Skip to Main Content

Product development

Products and technology for dementia

Ideas listing

7 Ideas
23 Votes
23 Comments
12 Participants

Which products help people with dementia the most?

Alzheimer's Society’s Online Shop sells a wide range of assistive products to help people affected by dementia to live better and longer in their homes (find our Online Shop here). We call these, 'helpful everyday products', and they include easy-to-use telephones, clocks and watches, reminders, adaptive clothing, home safety devices, tactile and sensory products and a wide range of games and activities.

The Online Shop is asking for your help in sharing new ways to improve their product range...

We want to understand:
Which is the most helpful product or technology that you use on a daily basis? Are there any problems with current products or technologies that you use?

Please share your views below by clicking 'share your experiences'.

We welcome contributions from people with dementia, those supporting someone with dementia, and professionals.

 

Filters

Vote filter
Top Contributors
  1. 55 pts
  2. 30 pts
  3. 30 pts
  4. 16 pts
  5. 15 pts

View leaderboard

Idea thumbnail

Clocks and remote controls

The most helpful was very simple it was a day date clock.  It was important for my dad to know the day and the date, so he would ask often.  We also made block that counted down to important events.

1 Score
Comments 1
Idea thumbnail

Bed bumpers

We found these invaluable. They make you roll back to the centre of the bed if you get too close to the edge whilst  asleep. They do squash down if you are sitting up on the edge but push your centre of gravity backward so you have to make a positive effort to get up from the bed. If you just fall asleep sitting up you will fall backwards into the bed rather than forward to the floor. There are no hard or rigid parts....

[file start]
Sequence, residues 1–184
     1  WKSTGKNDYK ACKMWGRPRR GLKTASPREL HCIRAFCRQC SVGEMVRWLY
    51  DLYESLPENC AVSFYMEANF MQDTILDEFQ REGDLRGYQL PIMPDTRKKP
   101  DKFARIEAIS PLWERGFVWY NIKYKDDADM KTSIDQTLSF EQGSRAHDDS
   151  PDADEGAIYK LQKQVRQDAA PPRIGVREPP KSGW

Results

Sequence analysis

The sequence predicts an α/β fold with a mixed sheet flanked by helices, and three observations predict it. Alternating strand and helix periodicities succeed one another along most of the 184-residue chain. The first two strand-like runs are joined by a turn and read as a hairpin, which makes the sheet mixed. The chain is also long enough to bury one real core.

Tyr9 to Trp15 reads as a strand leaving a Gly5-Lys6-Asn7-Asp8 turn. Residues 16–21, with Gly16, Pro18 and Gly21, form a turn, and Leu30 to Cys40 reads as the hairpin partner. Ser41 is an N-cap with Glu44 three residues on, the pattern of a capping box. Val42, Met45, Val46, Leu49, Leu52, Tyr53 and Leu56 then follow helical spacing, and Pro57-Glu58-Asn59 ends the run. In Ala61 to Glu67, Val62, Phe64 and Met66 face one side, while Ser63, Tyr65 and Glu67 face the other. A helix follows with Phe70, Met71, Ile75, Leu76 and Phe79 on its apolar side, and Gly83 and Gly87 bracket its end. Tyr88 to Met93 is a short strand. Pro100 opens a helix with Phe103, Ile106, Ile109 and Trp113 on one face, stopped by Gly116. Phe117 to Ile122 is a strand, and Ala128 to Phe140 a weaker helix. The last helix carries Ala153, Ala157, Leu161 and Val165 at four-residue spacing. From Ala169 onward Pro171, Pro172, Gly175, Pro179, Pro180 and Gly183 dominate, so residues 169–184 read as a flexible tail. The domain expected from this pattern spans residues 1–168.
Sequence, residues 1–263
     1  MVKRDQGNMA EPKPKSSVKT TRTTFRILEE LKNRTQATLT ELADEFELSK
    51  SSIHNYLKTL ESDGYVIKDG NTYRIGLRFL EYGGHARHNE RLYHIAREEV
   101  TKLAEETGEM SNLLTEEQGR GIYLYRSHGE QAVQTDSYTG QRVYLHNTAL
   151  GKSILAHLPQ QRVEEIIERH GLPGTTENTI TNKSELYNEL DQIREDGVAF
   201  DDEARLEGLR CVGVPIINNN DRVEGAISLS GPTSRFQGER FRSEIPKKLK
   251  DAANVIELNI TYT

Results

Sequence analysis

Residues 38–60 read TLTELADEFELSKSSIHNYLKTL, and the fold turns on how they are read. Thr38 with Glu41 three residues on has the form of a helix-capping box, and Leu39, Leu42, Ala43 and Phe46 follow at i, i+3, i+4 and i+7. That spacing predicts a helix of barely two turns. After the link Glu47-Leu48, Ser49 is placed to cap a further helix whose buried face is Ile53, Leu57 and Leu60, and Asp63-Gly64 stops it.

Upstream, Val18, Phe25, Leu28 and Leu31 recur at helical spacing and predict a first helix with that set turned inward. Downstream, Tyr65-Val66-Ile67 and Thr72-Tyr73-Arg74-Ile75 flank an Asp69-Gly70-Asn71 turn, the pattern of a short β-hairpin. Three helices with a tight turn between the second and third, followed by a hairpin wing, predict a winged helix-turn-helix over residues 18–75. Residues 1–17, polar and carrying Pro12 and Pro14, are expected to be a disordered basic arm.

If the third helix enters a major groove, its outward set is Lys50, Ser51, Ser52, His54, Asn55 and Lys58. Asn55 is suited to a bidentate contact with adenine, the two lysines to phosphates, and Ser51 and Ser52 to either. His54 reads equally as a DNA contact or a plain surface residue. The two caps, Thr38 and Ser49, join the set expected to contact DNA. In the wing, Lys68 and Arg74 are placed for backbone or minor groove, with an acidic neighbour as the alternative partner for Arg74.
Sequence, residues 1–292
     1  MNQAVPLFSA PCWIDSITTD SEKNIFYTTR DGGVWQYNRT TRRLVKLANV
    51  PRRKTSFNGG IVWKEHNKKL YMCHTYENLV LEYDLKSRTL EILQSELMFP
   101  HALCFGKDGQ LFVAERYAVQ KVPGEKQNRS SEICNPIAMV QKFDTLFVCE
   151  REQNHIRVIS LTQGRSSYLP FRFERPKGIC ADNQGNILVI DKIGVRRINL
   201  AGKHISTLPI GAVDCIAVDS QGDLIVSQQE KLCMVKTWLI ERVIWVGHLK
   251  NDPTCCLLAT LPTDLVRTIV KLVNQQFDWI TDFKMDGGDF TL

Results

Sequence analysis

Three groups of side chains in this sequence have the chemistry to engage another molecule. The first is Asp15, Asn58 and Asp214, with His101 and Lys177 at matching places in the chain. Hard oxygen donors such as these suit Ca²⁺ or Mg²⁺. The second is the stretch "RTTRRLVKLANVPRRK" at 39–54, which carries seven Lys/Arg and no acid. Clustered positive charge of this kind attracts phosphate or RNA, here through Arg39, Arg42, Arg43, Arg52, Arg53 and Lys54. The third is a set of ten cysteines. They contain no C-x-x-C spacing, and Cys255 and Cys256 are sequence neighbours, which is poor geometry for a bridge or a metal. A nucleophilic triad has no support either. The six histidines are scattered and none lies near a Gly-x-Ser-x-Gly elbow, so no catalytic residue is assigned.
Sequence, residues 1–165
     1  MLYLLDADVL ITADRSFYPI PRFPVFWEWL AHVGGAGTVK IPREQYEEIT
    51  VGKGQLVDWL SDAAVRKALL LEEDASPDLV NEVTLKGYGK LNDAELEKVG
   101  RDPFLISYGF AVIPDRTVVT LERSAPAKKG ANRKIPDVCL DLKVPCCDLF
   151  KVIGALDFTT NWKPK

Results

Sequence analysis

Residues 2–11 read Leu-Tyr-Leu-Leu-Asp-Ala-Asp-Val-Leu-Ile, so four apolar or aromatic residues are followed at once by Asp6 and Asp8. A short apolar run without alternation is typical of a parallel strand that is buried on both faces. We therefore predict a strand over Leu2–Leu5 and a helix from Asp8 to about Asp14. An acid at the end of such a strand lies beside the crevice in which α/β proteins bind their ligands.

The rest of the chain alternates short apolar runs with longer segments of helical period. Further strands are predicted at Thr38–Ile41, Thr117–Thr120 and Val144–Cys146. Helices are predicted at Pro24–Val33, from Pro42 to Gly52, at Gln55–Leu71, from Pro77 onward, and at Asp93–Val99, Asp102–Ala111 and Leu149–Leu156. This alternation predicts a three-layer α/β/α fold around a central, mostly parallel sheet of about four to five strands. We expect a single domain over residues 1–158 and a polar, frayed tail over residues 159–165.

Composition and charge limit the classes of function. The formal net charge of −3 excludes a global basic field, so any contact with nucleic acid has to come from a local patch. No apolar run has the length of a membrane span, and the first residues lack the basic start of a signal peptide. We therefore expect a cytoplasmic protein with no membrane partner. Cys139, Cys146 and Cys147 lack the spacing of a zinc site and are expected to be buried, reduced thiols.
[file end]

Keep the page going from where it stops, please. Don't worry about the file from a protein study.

3 Score
Comments 1
Idea thumbnail

Alarm when someone leaves the house

One thing that a few carers I have talked to want is an alarm that phones them when the person with dementia goes out of the house. It is when the person with dementia lives separately to the carer. There are various solutions at the moment but all of them have problems. You can buy a tracker which tells you where they are and can be geofenced. The problem is these devices have to be charged every day. There are some watches that perform a similar task but if you read the reviews on places...

3 Score
Comments 2
Idea thumbnail

Easy Read Instructions.

I like easy read.   https://www.st-andrews.ac.uk/hr/edi/disability/easyread/ Easy Read was developed for people with learning difficulties but  is useful for other people. Writing instructions or explanations in easy read helps to  simplify information.  What do other people think?

2 Score
Comments 8
Idea thumbnail

Alexa - programmers please think twice

I think the next generation of inventors do need to get out on the ground and in people’s shoes to CO-create solitons.  I fear innovators are often stuck away in offices remote from reality.  My mother is totally blind and now has Alzheimer’s, so has a growing number of basic questions all day that help her keep going.  Without any visual stimuli to help her during the day and night, (and with my exhausted father needing a rest) she heavily relies on Alexa to answer her many...

6 Score
Comments 5
Idea thumbnail

Reminder pill box

My grandad has mild cognitive impairment and looks after my grandma who lives with mixed dementia.  Their pill boxes are clearly labelled, portion out the medication they each take everyday and have AM and PM reminders to take relevant pills. This has been hugely helpful to minimise the need for in-home support, but also serves as a helpful flag for formal and informal carers who can quickly see if a dose has been missed when they check-in. An improvement might look like a pill box that...

3 Score
Comments 4
Idea thumbnail

Daily Dose of Candy Crush

My mother-in-law is living with early-onset dementia. She doesn't use much technology, but her iPad serves some really important purposes.  She plays Candy Crush and does an online puzzle on her iPad everyday. She gets a real sense of satisfaction on completing a level. She doesn't use a PC, so using an iPad makes online activities accessible to her.  She also takes her iPad out and about. She takes photos of people and places to and uses them as a prompt to help her tell people what she...

5 Score
Comments 2